There have been so many discussions about the terms gamification and gameful design that I was avoiding posting about them until now. But now I felt like giving my contribution and trying to help differentiate both terms and discuss why the difference matters.
Despite everything that has already been said about these two definitions, I feel we still not have an agreed upon differentiation between the two. Yet, a well-conceptualized differentiation was already suggested by Deterding and colleagues back in 2011; let’s take a look at what they said (p. 3):
“Gamification” will usually coincide with gameful design as defined above: The most likely strategy of designing for gameful experiences is to use game design elements, and the most likely goal of using game design elements are gameful experiences. Yet analytically, gameful design and “gamification” frame the same extension of phenomena through different intensional properties – as the design strategy of using game design elements (gamification) or the design goal of designing for gamefulness (gameful design).
Therefore, the difference between the two concepts lies in the designer’s intention. Yet, the idea of gameful design has been used many times to try to elevate the practice, as if gamification had a negative connotation whereas gameful design was more positive. Thus, gamification was often associated with poor design jobs, for example, those that only targeted short-term extrinsic motivation or those that only used the same game elements (such as points, badges, and leaderboards) over and over again. But that is not what the difference between gamification and gameful design really is. As a new practice, we can expect to see some efforts of either gamification or gameful design that result in poor products; but as the knowledge on those topics improves, we can expect to see more and more good products and less bad products. Nevertheless, even for well-established practices or professions, there will always be good and bad professionals. For example, there are good and bad engineers, but the fact that bad engineers exist who do a poor job does not make us question the name “engineering”. Similarly, there are good and bad teachers, but the fact that we see some bad teachers does not mean that we should stop calling teaching “teaching” and create a new denomination. Accordingly, the fact that some bad designers did a bad job while trying to use gamification does not mean that the name “gamification” should be dropped in favour of gameful design or any other!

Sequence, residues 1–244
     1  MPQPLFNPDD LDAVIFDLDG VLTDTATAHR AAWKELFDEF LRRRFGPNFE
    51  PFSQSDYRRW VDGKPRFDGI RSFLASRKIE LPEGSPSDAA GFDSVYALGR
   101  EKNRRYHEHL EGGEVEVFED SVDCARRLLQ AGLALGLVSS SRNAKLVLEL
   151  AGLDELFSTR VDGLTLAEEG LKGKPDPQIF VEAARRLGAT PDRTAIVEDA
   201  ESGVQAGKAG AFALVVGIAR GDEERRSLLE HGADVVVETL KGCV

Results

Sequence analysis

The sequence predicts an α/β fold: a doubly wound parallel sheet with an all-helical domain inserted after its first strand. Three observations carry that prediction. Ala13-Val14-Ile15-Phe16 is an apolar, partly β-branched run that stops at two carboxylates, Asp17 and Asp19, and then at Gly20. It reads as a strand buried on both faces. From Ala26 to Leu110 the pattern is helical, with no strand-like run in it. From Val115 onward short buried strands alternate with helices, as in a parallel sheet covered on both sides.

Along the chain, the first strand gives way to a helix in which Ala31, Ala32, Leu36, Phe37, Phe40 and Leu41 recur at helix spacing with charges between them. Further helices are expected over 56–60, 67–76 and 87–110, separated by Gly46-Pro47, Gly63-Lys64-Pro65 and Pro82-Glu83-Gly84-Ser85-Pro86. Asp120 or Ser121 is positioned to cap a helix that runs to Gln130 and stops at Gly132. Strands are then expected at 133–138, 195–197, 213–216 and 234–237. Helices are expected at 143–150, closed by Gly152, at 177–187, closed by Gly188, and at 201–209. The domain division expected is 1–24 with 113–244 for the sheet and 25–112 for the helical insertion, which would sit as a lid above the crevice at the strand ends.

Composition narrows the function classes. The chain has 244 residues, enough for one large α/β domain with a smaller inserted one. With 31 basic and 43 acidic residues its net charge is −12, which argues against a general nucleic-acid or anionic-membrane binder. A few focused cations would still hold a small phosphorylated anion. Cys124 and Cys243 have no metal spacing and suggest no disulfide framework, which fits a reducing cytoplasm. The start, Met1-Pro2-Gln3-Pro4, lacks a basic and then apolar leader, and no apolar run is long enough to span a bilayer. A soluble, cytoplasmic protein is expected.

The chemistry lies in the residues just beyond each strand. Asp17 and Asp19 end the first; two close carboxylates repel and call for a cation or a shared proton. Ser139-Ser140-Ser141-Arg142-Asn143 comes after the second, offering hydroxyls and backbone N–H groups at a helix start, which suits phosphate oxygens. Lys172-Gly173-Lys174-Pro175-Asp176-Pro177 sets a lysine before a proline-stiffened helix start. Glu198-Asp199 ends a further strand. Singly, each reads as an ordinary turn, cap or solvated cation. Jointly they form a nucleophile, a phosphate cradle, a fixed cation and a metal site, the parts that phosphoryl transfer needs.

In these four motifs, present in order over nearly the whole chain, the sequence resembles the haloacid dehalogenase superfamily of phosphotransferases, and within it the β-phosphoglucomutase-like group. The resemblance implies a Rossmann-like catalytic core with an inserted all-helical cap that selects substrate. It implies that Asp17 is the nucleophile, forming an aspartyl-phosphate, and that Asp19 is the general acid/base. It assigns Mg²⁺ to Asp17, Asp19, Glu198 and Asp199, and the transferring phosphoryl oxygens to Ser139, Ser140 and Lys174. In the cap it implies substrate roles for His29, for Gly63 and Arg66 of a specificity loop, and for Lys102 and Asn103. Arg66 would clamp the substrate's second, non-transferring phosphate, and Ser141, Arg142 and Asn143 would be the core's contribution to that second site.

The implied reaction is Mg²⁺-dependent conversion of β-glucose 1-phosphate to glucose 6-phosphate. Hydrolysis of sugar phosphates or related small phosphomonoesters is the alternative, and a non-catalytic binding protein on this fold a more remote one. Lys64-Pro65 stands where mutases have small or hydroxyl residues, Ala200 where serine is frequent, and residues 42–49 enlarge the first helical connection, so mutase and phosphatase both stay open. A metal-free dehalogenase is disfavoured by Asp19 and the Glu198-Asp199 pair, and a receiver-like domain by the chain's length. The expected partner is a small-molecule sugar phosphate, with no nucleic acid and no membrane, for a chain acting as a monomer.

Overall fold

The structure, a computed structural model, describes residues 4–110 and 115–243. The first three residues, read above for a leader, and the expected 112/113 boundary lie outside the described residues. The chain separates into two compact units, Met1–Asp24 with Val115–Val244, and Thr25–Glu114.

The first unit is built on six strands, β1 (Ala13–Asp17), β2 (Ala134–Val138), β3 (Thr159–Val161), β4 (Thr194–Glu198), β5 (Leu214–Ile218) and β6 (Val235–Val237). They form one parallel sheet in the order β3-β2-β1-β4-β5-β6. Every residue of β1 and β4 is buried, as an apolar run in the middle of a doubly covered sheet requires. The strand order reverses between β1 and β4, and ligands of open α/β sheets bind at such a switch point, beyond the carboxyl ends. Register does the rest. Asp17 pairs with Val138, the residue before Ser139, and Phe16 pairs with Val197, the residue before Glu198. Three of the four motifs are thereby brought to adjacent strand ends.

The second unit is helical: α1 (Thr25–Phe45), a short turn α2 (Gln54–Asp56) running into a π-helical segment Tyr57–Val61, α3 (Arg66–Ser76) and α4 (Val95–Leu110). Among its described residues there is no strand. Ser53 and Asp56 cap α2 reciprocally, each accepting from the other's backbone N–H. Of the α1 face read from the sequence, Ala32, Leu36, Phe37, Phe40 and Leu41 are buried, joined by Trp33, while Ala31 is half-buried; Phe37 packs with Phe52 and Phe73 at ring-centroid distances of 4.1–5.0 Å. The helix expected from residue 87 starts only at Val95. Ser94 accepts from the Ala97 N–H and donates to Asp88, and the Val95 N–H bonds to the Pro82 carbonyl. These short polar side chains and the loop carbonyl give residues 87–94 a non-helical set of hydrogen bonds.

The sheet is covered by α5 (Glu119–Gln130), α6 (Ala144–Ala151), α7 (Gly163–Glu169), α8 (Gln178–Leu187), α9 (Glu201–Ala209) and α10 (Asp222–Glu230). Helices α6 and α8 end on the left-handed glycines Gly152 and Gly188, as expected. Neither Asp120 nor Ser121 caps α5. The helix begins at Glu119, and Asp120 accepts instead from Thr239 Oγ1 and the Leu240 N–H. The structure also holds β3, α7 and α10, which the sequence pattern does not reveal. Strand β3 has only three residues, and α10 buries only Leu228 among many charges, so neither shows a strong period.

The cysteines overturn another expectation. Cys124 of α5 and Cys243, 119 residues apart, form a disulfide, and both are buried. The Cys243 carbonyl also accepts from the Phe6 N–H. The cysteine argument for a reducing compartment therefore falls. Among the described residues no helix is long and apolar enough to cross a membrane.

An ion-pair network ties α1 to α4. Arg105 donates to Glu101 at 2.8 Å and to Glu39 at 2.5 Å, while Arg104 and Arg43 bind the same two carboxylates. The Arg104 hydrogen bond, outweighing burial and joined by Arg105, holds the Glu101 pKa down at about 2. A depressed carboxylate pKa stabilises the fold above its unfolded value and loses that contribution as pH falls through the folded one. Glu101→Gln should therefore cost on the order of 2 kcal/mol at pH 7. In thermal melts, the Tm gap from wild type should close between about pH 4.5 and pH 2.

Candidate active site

Understanding the difference